Congressional Quarterly's (CQ's) Ellyn Ferguson got a quick interview with Senate Agriculture Chairwoman Debbie Stabenow (D-Mich.) about the problems that rice and peanut growers have with the farm bill her Ag panel cleared. That measure would eliminate direct payments and create an Agriculture Risk Coverage (ARC) program to compensate farmers for a portion of their revenue losses not covered by crop insurance - and perhaps some acres that do.
While California rice growers support the bill, Stabenow told CQ her panel "spent hours and hours and hours and hours" talking about the bill without yielding a result that would satisfy the Southerners.
"We actually did have provisions in the bill for peanuts and rice. At this point, I would say we welcome their ideas. We put into the bill things that we felt would be helpful and that we could get support for and at this point the ball is in their court to help us with some ideas that can get the bipartisan support that we need."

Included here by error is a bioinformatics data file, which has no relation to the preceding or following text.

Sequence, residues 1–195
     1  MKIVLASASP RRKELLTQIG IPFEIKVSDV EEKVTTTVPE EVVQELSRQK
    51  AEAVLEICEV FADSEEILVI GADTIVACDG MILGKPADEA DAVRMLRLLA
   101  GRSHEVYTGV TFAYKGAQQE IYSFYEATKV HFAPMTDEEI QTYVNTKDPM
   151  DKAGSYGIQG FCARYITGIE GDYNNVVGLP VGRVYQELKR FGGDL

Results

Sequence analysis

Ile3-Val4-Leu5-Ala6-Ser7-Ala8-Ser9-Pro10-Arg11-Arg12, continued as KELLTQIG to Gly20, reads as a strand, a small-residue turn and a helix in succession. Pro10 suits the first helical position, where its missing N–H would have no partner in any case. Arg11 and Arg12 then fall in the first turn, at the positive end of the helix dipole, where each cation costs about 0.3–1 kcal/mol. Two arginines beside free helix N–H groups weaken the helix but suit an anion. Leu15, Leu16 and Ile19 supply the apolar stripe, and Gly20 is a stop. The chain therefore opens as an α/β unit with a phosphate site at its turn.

Told that rice growers do not want to lose their direct payments, Stabenow said, according to CQ: "I know. That's why we couldn't get anywhere. I need something other than that. Direct payments are going to be gone. What I need are ideas on how we can support them in the new time, in the new system. As long as that is their position, I don't know what to do. We put in crop insurance, in ARC we had a reference price."
Told that southern rice growers do not like the farm bill development to date, Stabenow said, "They don't like the change, but the change is coming."
As previously reported, the coming House farm bill will likely include a farmer option much to the liking of southern rice growers and perhaps other farmers. The option will be a choice between ARC and higher target prices.
Stabenow said. "No one is hostile" to the Southern growers. "We just have to have them working in a risk-based system." She concluded that she feels Southern rice growers "need transition support, but they will have to transition to the new system."
Perspective: What Stabenow did not say is that there was a lot of pressure inside the top levels of the Ag panel for a revenue assurance program geared to soybean, corn and late in the process, northern-tier states. The farm-state senators and lobby groups for those sectors were just more effective, in part because the rice industry was split on policy moves - especially between California and southern-state growers.